Today Quilting Bebbs shared a photo of gingham check fabric she had just purchased. Her picture brought back a flood of memories to me.
When I was a little girl, I would spend time during holiday and summer breaks at my grandma's house. During those visits, I would fill my time with all the pursuits of Grandma's day. We would often walk to the neighborhood dime store where Grandma would purchase yards of gingham check fabric in a variety of colors.
The purpose of the purchase was to make aprons with the sewing circle at her church. They donated the items to the church bazaar held each November as their fundraiser. The ladies met every Thursday morning at 10 a.m. to work on a variety of projects and then sit together and enjoy their sack lunch.
Oh those ladies with such exotic sounding names - Beatrice, Juanita, Eunice, Bertha, Stella, Frieda. Nothing like the Patty's, Susie's and Nancy's that I went to school with. Each lady seemed to have a particular specialty that she brought to the group. Grandma's was the gingham aprons and flour sack dish towels embroidery or applique and bound in store-bought bias tape.
I never once saw a pattern for the apron. Armed with one yard of 36" wide gingham, Grandma would count out a specified number of squares and RIP - there's the waist band. Another count, another RIP - pockets. Next the ties - leaving the skirt of the apron. No fuss, no muss, no scissors.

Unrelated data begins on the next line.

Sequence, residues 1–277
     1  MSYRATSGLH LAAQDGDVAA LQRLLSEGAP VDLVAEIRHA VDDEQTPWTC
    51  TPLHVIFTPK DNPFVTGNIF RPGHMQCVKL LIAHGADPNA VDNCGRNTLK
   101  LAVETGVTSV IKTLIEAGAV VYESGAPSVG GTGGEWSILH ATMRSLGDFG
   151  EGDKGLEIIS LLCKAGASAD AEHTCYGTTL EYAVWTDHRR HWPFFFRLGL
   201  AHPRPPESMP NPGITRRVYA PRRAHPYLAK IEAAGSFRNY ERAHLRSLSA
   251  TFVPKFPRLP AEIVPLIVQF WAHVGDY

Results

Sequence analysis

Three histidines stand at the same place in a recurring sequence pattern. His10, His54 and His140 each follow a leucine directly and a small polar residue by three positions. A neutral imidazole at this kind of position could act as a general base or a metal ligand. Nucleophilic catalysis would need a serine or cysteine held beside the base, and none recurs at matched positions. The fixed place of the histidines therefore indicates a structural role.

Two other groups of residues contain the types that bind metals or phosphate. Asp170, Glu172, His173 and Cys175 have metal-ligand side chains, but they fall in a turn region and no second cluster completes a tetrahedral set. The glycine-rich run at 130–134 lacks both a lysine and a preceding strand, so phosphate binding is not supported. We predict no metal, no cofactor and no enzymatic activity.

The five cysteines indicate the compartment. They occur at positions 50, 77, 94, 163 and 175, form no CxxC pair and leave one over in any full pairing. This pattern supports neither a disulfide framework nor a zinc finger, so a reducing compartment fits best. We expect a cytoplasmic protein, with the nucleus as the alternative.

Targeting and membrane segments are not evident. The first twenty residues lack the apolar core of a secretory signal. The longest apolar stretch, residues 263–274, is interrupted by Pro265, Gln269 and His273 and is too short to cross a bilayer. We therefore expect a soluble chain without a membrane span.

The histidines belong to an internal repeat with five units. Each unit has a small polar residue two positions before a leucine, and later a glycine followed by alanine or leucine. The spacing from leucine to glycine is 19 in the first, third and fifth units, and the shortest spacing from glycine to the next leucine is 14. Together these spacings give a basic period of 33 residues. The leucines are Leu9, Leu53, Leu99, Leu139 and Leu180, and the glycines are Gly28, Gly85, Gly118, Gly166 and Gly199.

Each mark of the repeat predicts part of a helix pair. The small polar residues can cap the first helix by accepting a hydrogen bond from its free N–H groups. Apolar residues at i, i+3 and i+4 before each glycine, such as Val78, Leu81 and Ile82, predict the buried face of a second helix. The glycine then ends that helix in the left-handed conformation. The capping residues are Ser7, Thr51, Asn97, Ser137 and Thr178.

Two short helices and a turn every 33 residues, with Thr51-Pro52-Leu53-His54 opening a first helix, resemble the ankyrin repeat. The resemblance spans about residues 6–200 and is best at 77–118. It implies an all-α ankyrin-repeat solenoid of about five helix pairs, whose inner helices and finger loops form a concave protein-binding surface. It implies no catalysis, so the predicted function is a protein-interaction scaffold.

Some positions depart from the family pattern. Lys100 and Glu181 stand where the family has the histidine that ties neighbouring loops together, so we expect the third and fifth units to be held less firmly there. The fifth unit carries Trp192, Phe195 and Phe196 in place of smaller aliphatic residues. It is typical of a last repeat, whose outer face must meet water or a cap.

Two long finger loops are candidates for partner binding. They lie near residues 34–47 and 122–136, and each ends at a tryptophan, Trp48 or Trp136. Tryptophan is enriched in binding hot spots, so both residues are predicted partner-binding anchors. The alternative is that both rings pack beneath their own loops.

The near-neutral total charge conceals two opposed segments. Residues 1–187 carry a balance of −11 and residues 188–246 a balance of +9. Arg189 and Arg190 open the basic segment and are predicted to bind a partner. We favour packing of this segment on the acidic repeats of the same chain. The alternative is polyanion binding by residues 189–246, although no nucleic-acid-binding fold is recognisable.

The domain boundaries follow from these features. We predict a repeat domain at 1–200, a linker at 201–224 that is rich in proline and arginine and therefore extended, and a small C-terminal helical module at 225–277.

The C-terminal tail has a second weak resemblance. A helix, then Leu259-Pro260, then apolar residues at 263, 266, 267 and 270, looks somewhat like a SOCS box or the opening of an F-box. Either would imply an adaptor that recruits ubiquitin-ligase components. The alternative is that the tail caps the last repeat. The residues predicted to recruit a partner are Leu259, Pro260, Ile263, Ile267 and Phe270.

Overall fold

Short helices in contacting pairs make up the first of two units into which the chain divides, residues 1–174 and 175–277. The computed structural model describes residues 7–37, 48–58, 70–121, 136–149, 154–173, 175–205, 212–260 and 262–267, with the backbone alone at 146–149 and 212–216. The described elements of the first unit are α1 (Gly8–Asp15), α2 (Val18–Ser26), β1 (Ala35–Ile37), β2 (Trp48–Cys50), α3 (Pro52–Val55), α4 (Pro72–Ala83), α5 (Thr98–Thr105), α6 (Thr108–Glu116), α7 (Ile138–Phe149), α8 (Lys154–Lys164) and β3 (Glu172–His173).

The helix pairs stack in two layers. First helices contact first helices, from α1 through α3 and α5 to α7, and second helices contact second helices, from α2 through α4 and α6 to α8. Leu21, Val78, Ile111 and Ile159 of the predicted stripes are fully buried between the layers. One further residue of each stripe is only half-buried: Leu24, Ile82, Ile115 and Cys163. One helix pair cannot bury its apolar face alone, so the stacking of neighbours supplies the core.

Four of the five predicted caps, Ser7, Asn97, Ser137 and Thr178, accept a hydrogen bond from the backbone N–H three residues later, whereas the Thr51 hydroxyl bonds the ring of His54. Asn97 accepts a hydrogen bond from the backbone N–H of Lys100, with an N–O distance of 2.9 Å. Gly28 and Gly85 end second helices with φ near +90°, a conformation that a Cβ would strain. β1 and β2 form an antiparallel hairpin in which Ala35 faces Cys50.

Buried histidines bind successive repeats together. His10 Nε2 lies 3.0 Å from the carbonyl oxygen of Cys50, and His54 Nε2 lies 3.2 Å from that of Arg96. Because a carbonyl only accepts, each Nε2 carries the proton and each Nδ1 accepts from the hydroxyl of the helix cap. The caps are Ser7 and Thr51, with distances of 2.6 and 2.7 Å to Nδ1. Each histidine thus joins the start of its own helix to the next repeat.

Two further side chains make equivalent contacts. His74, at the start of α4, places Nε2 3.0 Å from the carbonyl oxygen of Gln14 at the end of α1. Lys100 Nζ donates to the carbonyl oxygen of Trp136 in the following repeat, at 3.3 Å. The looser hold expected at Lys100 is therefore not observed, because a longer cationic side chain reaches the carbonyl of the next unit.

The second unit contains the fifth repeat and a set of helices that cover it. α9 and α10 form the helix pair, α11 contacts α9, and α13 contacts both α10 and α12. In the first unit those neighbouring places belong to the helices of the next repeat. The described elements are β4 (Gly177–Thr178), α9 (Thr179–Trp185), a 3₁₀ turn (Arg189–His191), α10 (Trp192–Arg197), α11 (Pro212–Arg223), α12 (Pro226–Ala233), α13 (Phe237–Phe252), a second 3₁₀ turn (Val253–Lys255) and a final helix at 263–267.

She used 3 strands of DMC floss for the cross stitch. (To this day, when I split floss I put the portion not threaded in my needle around my neck - it never gets lost.) Sometimes a plain 'x' in rows all across the hem, the pockets and waistband was stitched. Other times the fancier 'chicken scratch' pattern was done. Then the apron was sewn together on the sewing machine and finally starched within an inch of it's life.
You can see this apron, even today after many washings, can still practically stand on it's own like a little soldier.A close-up of the 'chicken scratch' stitch.
Much to the deep disappointment of Grandma and Mom, I could never be enticed to wear an apron (it is just more girly than I want to be) I treasure this piece - made by Grandma and worn by Mom and forever loved by me.
When you get an itch, scratch it!
5 hours ago